Since the 1920s BMW has been a symbol of innovation worldwide. BMW has come a long way from its traditional approach of In-Vehicle Infotainment software development to where it is today - the rst automaker to deliver a complete infotainment product based on the GENIVI Linux platform.
As early as 2007, BMW and a handful of partners set out to solve three business problems that were plaguing the automotive industry: the skyrocketing amount of software required in cars (the typical car can have between 50 and 100 million lines of code compared to tens of thousands a decade ago), the recurring cost of each program, and the need to reduce development cycle time, driven by the rapid rate of new consumer electronic device delivery (roughly 18 months vs. four years for automotive devices).
Rising software costs and reduced cycle times meant that BMW, as an automotive manufacturer, needed to break out of its traditional approach of closed, proprietary software development.
The traditional approach to software development had been to specify requirements in an exhaustive document, execute a Request for Quotations (RFQ) process, select a supplier, and require the supplier to deliver a black box that aligned with the OEMs’ requirements. And, like the movie Groundhog Day, they would have to do this over and over again, paying a signicant amount for software that eectively did the same thing. This approach had to change to facilitate more transparency in how the software was delivered and to maximize reuse across multiple products and programs.
In order to transform its traditional business and software practices, BMW’s software development team became the driving force to build a community of other automakers and suppliers that could collaboratively dene a common platform that nominated suppliers could then leverage and reuse on future production programs. This realization, conrmed by other automakers and suppliers, gave birth to the GENIVI Alliance.
Formation of the GENIVI® Alliance
The GENIVI Alliance was announced in early 2009 at CeBIT in Hannover, Germany, with eight founding members: automakers BMW, PSA Peugeot Citroen, General Motors; Tier1 automotive suppliers Delphi, Magneti-Marelli, Visteon; silicon vendor Intel, and operating system vendor Wind River. The goal was to dene this common software platform, based on Linux and open source software, that implemented the non-dierentiating functionality required by all IVI systems.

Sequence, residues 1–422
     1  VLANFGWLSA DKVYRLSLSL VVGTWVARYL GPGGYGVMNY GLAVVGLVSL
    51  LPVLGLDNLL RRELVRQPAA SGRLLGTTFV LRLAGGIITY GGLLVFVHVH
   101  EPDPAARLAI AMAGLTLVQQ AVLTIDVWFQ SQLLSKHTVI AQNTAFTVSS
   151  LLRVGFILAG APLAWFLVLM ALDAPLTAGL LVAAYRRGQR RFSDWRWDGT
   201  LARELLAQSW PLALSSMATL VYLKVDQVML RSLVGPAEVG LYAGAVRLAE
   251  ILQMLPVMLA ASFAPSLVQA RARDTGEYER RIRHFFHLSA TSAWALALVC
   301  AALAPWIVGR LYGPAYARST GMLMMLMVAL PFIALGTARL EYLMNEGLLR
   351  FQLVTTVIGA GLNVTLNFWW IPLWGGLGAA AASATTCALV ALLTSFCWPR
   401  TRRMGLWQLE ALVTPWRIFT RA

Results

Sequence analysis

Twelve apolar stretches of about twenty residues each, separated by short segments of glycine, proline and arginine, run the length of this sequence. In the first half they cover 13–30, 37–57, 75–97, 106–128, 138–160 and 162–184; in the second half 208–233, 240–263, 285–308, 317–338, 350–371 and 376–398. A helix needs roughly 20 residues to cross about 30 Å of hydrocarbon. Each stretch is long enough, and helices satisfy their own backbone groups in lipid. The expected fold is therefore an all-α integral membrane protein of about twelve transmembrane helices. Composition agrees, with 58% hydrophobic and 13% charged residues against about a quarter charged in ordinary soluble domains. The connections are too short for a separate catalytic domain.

Within the automotive industry, IVI delivery and maintenance is a challenge for many automakers. IVI features and applications commonly include: navigation and location-based services; entertainment, radio and media player; connectivity to mobile devices, internet connectivity, and external communications. Few of these functions are unique to automotive and many are strongly inuenced by the consumer sector. It is therefore logical to adopt an open source software development model and enable the transfer of innovation between adjacent industries. These feature- rich systems, along with the requirement that the latest smartphone can seamlessly interact with the IVI system, play an increasingly large part in vehicle purchasing decisions. The IVI system including the hardware and software required is often referred to as the “head unit.”
The focus of the alliance thus became to deliver the pre-competitive elements of the IVI stack: Linux-based core services, middleware, and open application layer interfaces. Historically within the automotive industry, the automotive companies competed across the whole stack. However, much of that stack is non-dierentiating from a customer point of view. The logic behind GENIVI was to identify which areas of the stack were non-dierentiating and to bring a level of standardization so OEMs could continue to compete, but from a higher level in the solution stack. It was determined that OEMs were able to dierentiate between each other and place their brands before their customers. During product development the OEM or each first-tier supplier builds the remainder of that solution on top of that non-dierentiating middleware driven by GENIVI. This approach has enabled developers who historically found it dicult to work within the closed automotive industry to gain access.